A specific type of omega-3 fatty acid, called docosahexaenoic acid (DHA), is found in cell membranes and at your brain’s nerve endings. These compounds keep your cells healthy, allowing messages to travel efficiently. A study in the journal Alzheimer's and Dementia found that people who supplemented their diets with DHA had the learning and memory skills of someone up to three years younger. And a study in the Journal of Nutrition Health and Aging found that a group of people in their seventies who regularly consumed fish (especially fatty fish, like salmon, trout and mackerel) scored higher on cognitive tests, on average, than a group that didn’t eat fish. Other research suggests that fatty fish can also improve your mood: High DHA levels are linked to increased dopamine and serotonin, the same brain chemicals that antidepressants activate.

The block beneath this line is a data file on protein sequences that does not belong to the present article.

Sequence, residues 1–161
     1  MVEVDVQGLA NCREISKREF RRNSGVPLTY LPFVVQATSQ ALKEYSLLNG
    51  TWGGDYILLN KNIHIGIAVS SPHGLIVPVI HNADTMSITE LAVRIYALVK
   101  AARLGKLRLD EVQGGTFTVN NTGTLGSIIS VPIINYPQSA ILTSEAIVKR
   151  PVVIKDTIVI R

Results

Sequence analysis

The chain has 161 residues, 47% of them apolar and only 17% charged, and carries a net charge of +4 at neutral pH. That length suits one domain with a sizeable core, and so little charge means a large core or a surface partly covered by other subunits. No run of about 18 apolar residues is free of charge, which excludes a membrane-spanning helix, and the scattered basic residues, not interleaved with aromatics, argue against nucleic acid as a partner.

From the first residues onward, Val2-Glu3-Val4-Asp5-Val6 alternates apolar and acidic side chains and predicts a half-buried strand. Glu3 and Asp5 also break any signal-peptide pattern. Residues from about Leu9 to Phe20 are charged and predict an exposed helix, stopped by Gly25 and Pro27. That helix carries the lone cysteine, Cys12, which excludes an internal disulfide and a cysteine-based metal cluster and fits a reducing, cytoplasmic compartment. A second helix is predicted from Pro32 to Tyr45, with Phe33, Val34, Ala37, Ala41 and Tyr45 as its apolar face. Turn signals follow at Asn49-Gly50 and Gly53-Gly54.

To make DHA, your body needs alpha-linolenic acid [ALA], which is found in flax, hemp, chia, pumpkin seeds, walnuts, soy and leafy greens. “We can convert ALA into DHA, but the process is inefficient,” says Lisa Powell, M.S., R.D., Director of Nutrition at Canyon Ranch in Tucson. “It’s this inefficiency that makes it important to either eat fatty fish or supplement your diet with a combined EPA/DHA product.” Aim for two servings of fatty fish per week (no more than 12 ounces total, due to mercury concerns); choose fish low in mercury, such as halibut, mackerel, salmon and trout. Canned light tuna is another good source of omega-3s, but it’s wise to be extra mindful of your servings, due to its higher mercury level. If you don’t eat much fatty fish, talk to your nutritionist or physician about whether a supplement might be right for you.
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